"Web services" is a solution in search of a problem.
>The less time wasted talking about it, the better.
You cannot be serious. Thanks to the Web Services, things like this happen almost daily:
Four years ago, Fred Buchwald was broke, living in his mother's basement in New Jersey, and contemplating suicide. The 43-year-old computer programmer had been stricken with Parkinson's disease and was convinced he'd never work again. His only solace came from writing programs on his PC. Some of them, like his currency converter, were useful, but too small to interest software distributors.
Then Mr. Buchwald discovered a new set of Internet software technologies that were gaining popularity. Known by acronyms like XML, SOAP, and UDDI, these technologies can turn a small program like a currency converter into what is called a Web service. When running on computers connected to the Internet, Web services around the world can find each other and interact like one big program.
Mr. Buchwald turned his currency converter into a Web service and installed it on an Internet server. Soon, programs all over the globe were using it to convert everything from Deutsche marks to rupees. Mr. Buchwald started charging $50 a month for access to his currency converter. Next, he wrote Web services that provide stock quotes and price comparisons. After a year, he had enough money to get his own apartment and start a full-time business. "Web services gave me back my life," he says.
Whatever. The laundry list of over-designed junk known as "web services" at this time was totally unnecessary to make a currency converter. A simple URI interface would have been more efficient. Take a look at some of the writing on REST. . And anyone who thinks that computers are going to magically find each other through directory services and start automatically buying tires from each other had better put down that Kool-Aid.
I get the impression you are either being sarcastic, or didn't read the full article...
"If you believe the story of Fred Buchwald, perhaps you'd like to buy $1 million's worth of Web-service software from Microsoft. Or maybe you'd like to invest in one of the dozens of Web-service startups seeking funding. Mr. Buchwald's story--a complete fabrication--is the kind of far-out, futuristic vision that Web-service zealots have been peddling for the past three years. We had to invent Mr. Buchwald because so far people like him don't exist. But true believers say they will. Really."
Oh, good one! You're right, I only read the beginning.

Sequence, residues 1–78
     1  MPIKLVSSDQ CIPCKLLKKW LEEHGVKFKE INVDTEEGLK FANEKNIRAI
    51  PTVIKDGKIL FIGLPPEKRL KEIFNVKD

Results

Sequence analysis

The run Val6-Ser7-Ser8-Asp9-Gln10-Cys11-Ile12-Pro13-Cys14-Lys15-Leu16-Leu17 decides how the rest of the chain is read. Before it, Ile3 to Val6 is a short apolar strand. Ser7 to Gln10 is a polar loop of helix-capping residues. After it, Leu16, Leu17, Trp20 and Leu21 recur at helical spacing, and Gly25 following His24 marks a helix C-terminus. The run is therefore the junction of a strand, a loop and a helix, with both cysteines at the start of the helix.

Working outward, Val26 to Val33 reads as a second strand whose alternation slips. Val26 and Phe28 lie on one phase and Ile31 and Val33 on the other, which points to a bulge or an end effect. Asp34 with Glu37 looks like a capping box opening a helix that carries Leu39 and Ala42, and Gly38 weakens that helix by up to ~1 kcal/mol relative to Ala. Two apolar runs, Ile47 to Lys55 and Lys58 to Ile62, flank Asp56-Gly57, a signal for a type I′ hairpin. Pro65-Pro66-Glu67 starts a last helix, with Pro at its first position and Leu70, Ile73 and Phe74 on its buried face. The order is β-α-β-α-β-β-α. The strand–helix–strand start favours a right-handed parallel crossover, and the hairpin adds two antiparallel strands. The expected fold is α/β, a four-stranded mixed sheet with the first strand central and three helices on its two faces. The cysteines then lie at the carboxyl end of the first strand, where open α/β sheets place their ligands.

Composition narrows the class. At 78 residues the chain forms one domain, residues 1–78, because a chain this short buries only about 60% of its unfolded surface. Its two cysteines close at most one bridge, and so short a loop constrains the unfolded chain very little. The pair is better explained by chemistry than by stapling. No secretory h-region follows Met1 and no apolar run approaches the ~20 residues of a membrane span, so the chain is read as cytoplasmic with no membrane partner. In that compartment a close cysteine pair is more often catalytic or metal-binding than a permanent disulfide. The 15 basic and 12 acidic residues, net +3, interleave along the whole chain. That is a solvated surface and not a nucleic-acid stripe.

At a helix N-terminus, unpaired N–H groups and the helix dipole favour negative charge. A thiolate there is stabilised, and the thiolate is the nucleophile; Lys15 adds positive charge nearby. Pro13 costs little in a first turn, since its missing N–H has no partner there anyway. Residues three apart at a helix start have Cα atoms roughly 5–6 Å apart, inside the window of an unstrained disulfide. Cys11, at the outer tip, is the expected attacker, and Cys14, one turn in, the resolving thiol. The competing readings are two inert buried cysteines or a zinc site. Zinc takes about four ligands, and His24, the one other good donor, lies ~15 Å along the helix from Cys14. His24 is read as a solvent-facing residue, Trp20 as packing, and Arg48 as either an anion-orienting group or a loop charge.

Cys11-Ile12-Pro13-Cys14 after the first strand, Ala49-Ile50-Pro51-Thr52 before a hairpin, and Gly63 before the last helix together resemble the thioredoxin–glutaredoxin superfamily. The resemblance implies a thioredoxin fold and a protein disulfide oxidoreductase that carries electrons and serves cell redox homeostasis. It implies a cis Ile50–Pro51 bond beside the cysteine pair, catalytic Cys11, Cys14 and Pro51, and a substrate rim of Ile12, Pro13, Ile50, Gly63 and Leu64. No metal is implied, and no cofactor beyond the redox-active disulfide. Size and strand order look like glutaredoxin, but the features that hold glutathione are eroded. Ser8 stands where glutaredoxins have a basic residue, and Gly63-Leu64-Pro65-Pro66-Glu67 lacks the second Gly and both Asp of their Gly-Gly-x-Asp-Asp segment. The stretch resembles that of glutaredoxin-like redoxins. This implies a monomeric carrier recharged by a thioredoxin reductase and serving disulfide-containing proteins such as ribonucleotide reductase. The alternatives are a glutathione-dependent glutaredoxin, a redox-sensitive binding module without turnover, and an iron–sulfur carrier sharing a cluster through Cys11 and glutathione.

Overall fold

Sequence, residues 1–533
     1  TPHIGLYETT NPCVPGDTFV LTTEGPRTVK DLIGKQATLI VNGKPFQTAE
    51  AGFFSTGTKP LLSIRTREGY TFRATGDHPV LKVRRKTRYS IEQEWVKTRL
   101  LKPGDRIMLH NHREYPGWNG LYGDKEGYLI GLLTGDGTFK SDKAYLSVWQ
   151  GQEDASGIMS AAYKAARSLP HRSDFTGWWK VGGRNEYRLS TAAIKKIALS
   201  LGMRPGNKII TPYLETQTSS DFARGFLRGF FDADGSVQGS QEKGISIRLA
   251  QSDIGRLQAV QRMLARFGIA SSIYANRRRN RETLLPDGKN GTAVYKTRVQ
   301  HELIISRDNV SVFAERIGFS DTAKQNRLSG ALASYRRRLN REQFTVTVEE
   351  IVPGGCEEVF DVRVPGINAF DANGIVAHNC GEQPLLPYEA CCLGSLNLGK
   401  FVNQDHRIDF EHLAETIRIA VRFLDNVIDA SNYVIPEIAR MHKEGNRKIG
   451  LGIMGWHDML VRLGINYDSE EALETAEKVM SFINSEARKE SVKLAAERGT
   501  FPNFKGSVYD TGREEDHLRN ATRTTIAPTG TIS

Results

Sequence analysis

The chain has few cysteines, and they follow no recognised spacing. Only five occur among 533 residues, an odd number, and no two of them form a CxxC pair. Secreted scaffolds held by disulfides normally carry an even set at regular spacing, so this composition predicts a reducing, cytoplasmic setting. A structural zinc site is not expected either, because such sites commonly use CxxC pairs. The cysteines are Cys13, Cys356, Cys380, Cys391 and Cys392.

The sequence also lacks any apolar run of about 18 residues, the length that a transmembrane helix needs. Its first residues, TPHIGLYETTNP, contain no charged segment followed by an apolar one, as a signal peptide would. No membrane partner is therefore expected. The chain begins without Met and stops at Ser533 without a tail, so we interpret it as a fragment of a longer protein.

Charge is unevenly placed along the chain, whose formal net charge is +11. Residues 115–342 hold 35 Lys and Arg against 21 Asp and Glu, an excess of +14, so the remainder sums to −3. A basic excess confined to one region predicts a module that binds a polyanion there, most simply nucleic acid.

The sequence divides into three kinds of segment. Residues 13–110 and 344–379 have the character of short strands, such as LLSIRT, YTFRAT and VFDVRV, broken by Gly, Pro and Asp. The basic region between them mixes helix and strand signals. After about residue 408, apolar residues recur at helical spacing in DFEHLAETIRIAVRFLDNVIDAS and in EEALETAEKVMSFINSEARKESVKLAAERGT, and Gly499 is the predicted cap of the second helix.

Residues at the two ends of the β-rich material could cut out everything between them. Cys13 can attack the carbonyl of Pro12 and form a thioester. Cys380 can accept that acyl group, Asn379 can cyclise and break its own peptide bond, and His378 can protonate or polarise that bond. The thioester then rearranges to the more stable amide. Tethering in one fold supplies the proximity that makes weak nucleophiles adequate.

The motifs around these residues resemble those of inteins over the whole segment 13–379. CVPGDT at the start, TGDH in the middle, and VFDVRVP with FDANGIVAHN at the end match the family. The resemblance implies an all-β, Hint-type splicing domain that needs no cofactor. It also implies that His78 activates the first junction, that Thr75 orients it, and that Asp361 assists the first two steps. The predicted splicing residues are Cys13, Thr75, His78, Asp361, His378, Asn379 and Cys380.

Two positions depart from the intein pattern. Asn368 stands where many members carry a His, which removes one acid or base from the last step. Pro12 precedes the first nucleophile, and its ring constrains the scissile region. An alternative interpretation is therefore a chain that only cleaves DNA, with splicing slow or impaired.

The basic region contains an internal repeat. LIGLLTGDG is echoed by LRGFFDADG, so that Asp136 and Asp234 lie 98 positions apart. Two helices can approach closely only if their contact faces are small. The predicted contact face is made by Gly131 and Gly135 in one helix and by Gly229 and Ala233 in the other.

JCP is definitely too slow. The JCP should stop designing each JSR from scratch. Instead the JCP should pick a best-of-breed open source as the beginning for a JSR and then refine it. That way a JSR could complete in 6 months, rather than the supposedly quick 18 months it took to do each of JAXR and JAX-RPC. I mean, how many *years* is the average completion time for a JSR?
Also, a JSR should give an estimated completion date, and mandatorily release as a reference whatever feature subset is available at that time. Like, a JSR should be required to publicly release something every quarter until completion.
Many of the JSR's should be started with open source or existing approaches. The JSR that will address SAML will more than likely use the Netegrity code base.
This could also be bad, as the Performance Metric Instrumentation JSR has stalled due to lawyers from the various organizations wanting to put their intellectual property stamp on it. You would have to ask the question what is the right starting point for this JSR (Oracle, ARM, etc)
I think that part of the problem is that we are trying to build standards on a technology that is by no means mature. By that, I mean that its still very much a moving target.
It is difficult to establish what principles the standard should embody because we are still learning what they are...
(by comparison, standardising database access, messaging, component TP monitors was straightforward because people had been doing it for ages)
While a JSR-going-nowhere is bad press, releasing some half-baked standard doesnt help anyone at all (apart from the warm feeling that there has been a release). It means that you are more likely to have to live with a bad standard for a while and/or suffer the pain of a break in backward compatibility at some point in order to radically fix it.
There is also some argument that while the JCP needs to keep pace with technology - its not 100% necessary to keep up with the hype. M$ cashes in on hype by releasing some half-baked product (sharepoint, for instance) and grabs market/mind share, however it can backfire - and I think its a question of whether you are after the fast buck or whether you are in for the long term. That said, in the end what you dont want is a repeat of OMG's performance...